PITTSBURGH -- When he was hired in November 2004, Orioles scouting director Joe Jordan inherited an improving farm system, and he has spent the past seven months preparing for Tuesday and Wednesday, the two days of the 2005 First-Year Player Draft. Jordan was giddy after the Orioles took 19 players, including first-rounder Brandon Snyder, a high school catcher from Virginia, and Garret Olson, a pitcher from Cal Poly San Luis Obispo, with the 48th pick. Jordan said his goal Tuesday was to stockpile the system with athletes and college veterans who would sign quickly and be ready to start for Class A Aberdeen later this month. Snyder gives the Orioles a top catching prospect and a splendid hitter. From his days in the Montreal Expos and Florida Marlins' systems, Jordan was known to covet players who could make an immediate impact on the farm system, regardless of whether from college or high school. So the Orioles took 15 college or junior college players and four prep standouts on the first day. On the second day, the Orioles took 32 players, including 12 high schoolers and 20 collegians. Eighteen of those players taken Wednesday were pitchers. "We got guys at the top of the draft that we wanted," Jordan said. "Snyder is going to be a great addition to the organization. We got some really good arms that go through the Minor League system. We were happy with how things turned out." Because the Orioles did not sign former first-round pick Wade Townsend, they had a sandwich pick between the first and second rounds. They took Olson, who is considered one of the top college lefties in California and was 12-4 with a 2.71 ERA for the Mustangs. "We saw him good many times this spring and he was a guy that was under the radar for us going in," Jordan said. "He's a three-pitch left-hander. His numbers were very good this year as I remember. He's a guy we think that's going to go into the system and we think he's going to move pretty quickly." With the second-round pick, the Orioles selected right fielder Nolan Reimold from Bowling Green State University. He hit .360 with 20 homers and 62 RBIs for the Falcons and was named Mid-American Conference Player of the Year. The 21-year-old Reimold could develop into one of the organization's top power prospects. He is 6-foot-4 and growing into his 205-pound frame. "He is a big, strong athletic kid with a plus arm," Jordan said. "He profiles in right field. He does bring some power to the game. He's got a chance to be an impact type player and he definitely has the physical ability." In the third round, the club took a local product in Baltimore high school pitcher Brandon Erbe, who has committed to the University of Miami. He reached 96 mph on the radar gun.The Orioles selected outfielder Kieron Pope from East Coweta High School in Georgia, who has committed to the University of Georgia. He is considered a five-tool prospect, who already has a Major League-type body. Jordan said he is confident they can sign both players. "That's the Marlins influence, getting good athletes," Jordan said about Erbe and Pope. "Pope's a plus runner. Tremendous power. We feel good about their signability. I feel like we were comfortable with what they told us." Right-handed pitcher Reid Hamblet was the team's fifth-round pick. Hamblet has command of four pitches and was 6-3 with a 2.71 ERA for Biola University, a small NAIA school in southern California. In the sixth round, the O's took right-hander Blake Owen from Belmont University. Owen was fourth in the NCAA in saves and played his first two years at Vanderbilt. "Camden Yards was the last place that I worked out prior to the draft," he said through the school's Web site. "After throwing under the stadium in the cages, I got to tour the B&O Warehouse and the stadium itself. It was pretty cool." Jordan is intrigued by Cal State Fullerton outfielder Robert Andrews, the team's seventh-round pick, who hit .307 this season for the Titans with 13 stolen bases. Jordan said he ranks a seven on a scale of 1 to 8 in speed. In the later rounds, the Orioles went for college pitching, such as local product Chorye Spoone from Catonsville Community College. They nabbed right-hander Ryan Stadanlick (St. Josephs Univ.) in the 10th round and lefty Michael Gallaway from Missouri Valley College in the 11th. Jordan opted for a couple of college teammates in outfielder John Raynor (12th) and right-hander Jeffrey Moore (17th) from North Carolina-Wilmington. Jordan finished the first day by taking Texas high school outfielder Michael Whitney in the 18th round. The Orioles began the second day by taking Lower Columbia College right-hander Dustin Lidyard in the 19th round. Other notable picks were left-hander Arik Hempy, a left-hander from the University of South Carolina in the 31st round. Hempy had a tough season for the Gamecocks, but showed potential in the early season. "He threw the ball very well last fall and early this spring," Jordan said. "But he went down with tendinitis and never really got back on track. We felt like we could wait a month to see how he does and try to sign him." Jordan was also intrigued by 36th-rounder Shawn Ferguson, a right-hander from Texas Christian. "He's a bullpen arm," Jordan said. "He's a guy we want to tie up. We're going to make a run at him as well. We thought it was a pick just to see if we're right. We added some good arms, some guys we think we can sign in the next week." Jordan estimates the club will sign five to seven players they selected on the second day and use another handful as draft-and-follows next year. "We drafted a couple of shortstops at the lower level, added a couple of catchers to the system," he said. "We just try to tie some guys up as draft and follow guys for next year. We want to just try to find the best guys in 12 months that are good players and sign them."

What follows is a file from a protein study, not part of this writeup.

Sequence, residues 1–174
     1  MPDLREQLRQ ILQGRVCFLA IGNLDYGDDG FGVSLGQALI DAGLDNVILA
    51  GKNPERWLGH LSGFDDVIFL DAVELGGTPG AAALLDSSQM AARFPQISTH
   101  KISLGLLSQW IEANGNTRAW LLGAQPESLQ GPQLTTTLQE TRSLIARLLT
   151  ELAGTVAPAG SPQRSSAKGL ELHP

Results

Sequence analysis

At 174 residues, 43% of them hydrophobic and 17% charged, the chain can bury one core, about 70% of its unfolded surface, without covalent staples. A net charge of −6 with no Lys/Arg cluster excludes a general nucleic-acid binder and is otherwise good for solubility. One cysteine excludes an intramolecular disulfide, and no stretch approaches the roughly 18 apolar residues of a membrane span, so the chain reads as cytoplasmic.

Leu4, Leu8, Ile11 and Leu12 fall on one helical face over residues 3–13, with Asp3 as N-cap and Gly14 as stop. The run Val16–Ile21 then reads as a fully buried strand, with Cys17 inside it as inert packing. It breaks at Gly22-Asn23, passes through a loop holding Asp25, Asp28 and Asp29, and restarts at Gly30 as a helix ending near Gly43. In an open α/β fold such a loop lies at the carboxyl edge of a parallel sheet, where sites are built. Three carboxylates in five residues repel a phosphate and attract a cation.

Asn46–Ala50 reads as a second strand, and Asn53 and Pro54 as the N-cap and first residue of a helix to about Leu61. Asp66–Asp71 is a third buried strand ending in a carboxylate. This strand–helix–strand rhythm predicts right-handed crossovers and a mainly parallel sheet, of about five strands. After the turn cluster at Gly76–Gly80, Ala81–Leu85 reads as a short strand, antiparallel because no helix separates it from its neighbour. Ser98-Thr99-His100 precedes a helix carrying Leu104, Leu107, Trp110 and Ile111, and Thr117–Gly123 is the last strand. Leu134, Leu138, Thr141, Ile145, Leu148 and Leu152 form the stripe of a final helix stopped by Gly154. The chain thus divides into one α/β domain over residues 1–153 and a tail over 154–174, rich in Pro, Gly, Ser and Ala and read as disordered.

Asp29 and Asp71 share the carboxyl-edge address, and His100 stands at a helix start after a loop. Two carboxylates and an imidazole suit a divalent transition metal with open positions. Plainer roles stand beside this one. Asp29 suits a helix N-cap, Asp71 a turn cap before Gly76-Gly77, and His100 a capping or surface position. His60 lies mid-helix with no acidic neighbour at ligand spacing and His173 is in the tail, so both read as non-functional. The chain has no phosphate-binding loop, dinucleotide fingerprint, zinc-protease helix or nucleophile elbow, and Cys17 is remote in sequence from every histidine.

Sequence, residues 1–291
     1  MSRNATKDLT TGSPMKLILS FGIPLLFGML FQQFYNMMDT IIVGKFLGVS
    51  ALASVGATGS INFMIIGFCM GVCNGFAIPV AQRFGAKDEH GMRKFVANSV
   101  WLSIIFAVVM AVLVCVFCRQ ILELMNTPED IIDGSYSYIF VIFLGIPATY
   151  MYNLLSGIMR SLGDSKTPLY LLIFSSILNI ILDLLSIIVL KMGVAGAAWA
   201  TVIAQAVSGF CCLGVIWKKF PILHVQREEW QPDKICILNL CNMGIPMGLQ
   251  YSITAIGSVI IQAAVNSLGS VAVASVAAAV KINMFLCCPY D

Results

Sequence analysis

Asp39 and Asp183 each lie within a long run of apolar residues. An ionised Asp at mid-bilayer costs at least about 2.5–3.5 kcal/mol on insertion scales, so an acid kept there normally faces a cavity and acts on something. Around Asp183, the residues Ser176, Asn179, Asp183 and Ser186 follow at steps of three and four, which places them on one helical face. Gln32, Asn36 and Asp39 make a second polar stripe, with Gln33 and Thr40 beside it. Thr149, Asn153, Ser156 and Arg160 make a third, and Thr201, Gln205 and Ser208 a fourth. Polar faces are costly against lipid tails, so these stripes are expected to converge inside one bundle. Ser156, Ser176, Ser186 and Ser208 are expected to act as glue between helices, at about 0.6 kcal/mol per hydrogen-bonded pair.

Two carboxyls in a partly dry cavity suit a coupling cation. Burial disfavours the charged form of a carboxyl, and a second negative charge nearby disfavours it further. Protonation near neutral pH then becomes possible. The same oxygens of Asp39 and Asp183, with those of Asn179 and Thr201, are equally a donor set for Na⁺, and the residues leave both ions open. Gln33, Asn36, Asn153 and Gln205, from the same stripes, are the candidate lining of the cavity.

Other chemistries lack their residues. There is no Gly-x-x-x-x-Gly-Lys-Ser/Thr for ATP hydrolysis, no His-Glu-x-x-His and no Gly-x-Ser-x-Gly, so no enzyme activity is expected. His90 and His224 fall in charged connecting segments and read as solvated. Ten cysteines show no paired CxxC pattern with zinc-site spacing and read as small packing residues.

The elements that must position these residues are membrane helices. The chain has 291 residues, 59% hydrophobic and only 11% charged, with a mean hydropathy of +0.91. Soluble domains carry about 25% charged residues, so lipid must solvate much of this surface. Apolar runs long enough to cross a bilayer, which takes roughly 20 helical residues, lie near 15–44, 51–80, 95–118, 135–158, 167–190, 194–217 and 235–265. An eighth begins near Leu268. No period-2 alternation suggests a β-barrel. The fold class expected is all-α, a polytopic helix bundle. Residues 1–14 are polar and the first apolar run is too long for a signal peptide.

Gary Washburn is a reporter for MLB.com. This story was not subject to the approval of Major League Baseball or its clubs.